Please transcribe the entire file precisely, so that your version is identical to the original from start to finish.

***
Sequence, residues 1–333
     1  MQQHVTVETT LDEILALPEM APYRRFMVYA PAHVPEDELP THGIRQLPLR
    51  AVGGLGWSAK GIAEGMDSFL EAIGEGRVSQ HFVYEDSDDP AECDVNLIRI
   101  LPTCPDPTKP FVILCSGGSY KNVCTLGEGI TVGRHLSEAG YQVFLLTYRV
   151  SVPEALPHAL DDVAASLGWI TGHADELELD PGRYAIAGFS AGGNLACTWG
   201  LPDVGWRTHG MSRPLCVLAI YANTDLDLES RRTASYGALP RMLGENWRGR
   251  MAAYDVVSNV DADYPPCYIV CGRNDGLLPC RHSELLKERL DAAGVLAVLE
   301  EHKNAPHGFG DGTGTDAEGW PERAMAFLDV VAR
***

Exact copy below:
Sequence, residues 1–333
     1  MQQHVTVETT LDEILALPEM APYRRFMVYA PAHVPEDELP THGIRQLPLR
    51  AVGGLGWSAK GIAEGMDSFL EAIGEGRVSQ HFVYEDSDDP AECDVNLIRI
   101  LPTCPDPTKP FVILCSGGSY KNVCTLGEGI TVGRHLSEAG YQVFLLTYRV
   151  SVPEALPHAL DDVAASLGWI TGHADELELD PGRYAIAGFS AGGNLACTWG
   201  LPDVGWRTHG MSRPLCVLAI YANTDLDLES RRTASYGALP RMLGENWRGR
   251  MAAYDVVSNV DADYPPCYIV CGRNDGLLPC RHSELLKERL DAAGVLAVLE
   301  EHKNAPHGFG DGTGTDAEGW PERAMAFLDV VAR